Out With The Old, In With The New, Or No?

Evan Maximillion Rains snugglin’ his blue blanket, made for him and his sister by his grandmother.

People typically hire photographers when something new has happened — a new baby, a new marriage, a new school, a new degree.

We love celebrating the new, and there isn’t anything inherently wrong with that.

But I do think we like to forget about the old.

In some respects, there are some things best left in the past — like those bad habits we’ve strived all our adult lives to overcome.

But even in this regard, the past teaches us about not only who we are in the present but how we got there. We can then use those mistakes, the ones we would rather forget, to help others who might struggle with the same things we did in the past. How did we overcome? And pass that on.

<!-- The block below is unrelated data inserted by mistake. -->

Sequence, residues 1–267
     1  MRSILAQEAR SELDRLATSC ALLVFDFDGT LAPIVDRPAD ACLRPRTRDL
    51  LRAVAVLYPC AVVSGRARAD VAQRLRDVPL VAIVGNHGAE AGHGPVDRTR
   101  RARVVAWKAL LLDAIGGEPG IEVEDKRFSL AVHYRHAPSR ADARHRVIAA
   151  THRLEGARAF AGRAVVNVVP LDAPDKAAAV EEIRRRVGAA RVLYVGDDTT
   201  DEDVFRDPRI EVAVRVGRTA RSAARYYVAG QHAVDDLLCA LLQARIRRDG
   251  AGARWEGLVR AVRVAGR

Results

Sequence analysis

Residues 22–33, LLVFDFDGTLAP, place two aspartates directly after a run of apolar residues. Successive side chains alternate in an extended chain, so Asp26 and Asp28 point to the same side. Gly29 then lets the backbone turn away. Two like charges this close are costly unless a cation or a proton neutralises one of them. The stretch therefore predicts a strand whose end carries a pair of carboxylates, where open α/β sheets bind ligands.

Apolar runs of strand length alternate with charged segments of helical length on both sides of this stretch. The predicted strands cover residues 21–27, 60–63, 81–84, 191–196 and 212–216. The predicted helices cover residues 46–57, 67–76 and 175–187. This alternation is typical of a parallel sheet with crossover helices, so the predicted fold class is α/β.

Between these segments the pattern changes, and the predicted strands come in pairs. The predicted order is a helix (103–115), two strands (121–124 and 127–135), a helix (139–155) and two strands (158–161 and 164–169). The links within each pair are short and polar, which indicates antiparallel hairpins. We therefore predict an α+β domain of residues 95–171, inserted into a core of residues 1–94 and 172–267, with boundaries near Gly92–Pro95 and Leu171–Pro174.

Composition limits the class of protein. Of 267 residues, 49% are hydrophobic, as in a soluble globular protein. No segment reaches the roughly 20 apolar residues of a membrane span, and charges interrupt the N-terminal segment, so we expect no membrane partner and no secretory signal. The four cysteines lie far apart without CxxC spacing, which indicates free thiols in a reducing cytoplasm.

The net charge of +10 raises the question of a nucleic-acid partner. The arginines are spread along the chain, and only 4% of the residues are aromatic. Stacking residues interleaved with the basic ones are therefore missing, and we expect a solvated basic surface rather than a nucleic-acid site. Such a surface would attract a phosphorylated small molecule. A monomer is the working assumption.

We can’t simply forget it all.

But the old is also something to be revered. Our older family and community members should have our honor and respect. Showing those things requires our time, our patience, and our love.

Consider Deuteronomy 32:7: “Remember the days of old; consider the years of many generations; ask your father, and he will show you, your elders, and they will tell you.”

Something as simple as cherishing a small blanket a grandmother made for your child (their grandchild) is a nod of respect and love to them (see picture above from my most recent newborn shoot with the Rains family).

Holding onto family heirlooms and cherishing what past generations have passed on to us — whether that be as simple as a photograph, gift, or passing on their stories to the next generation — is essential to our heritage in our physical and spiritual family.